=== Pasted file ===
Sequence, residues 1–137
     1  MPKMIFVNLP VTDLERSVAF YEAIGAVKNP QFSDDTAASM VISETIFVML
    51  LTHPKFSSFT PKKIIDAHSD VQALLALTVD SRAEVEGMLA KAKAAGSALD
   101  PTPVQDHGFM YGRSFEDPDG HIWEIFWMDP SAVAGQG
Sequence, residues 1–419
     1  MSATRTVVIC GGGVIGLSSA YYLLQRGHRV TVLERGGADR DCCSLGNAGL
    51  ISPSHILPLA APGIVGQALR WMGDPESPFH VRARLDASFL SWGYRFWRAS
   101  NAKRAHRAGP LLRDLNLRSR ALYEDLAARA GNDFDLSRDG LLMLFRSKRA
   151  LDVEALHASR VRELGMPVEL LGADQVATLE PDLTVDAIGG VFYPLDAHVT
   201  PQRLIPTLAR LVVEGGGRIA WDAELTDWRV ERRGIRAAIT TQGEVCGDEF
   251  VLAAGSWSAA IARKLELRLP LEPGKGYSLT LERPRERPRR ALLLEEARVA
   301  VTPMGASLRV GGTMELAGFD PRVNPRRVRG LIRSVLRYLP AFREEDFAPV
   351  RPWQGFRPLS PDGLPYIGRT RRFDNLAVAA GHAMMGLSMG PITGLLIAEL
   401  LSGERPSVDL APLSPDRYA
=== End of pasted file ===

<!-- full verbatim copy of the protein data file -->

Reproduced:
Sequence, residues 1–137
     1  MPKMIFVNLP VTDLERSVAF YEAIGAVKNP QFSDDTAASM VISETIFVML
    51  LTHPKFSSFT PKKIIDAHSD VQALLALTVD SRAEVEGMLA KAKAAGSALD
   101  PTPVQDHGFM YGRSFEDPDG HIWEIFWMDP SAVAGQG
Sequence, residues 1–419
     1  MSATRTVVIC GGGVIGLSSA YYLLQRGHRV TVLERGGADR DCCSLGNAGL
    51  ISPSHILPLA APGIVGQALR WMGDPESPFH VRARLDASFL SWGYRFWRAS
   101  NAKRAHRAGP LLRDLNLRSR ALYEDLAARA GNDFDLSRDG LLMLFRSKRA
   151  LDVEALHASR VRELGMPVEL LGADQVATLE PDLTVDAIGG VFYPLDAHVT
   201  PQRLIPTLAR LVVEGGGRIA WDAELTDWRV ERRGIRAAIT TQGEVCGDEF
   251  VLAAGSWSAA IARKLELRLP LEPGKGYSLT LERPRERPRR ALLLEEARVA
   301  VTPMGASLRV GGTMELAGFD PRVNPRRVRG LIRSVLRYLP AFREEDFAPV
   351  RPWQGFRPLS PDGLPYIGRT RRFDNLAVAA GHAMMGLSMG PITGLLIAEL
   401  LSGERPSVDL APLSPDRYA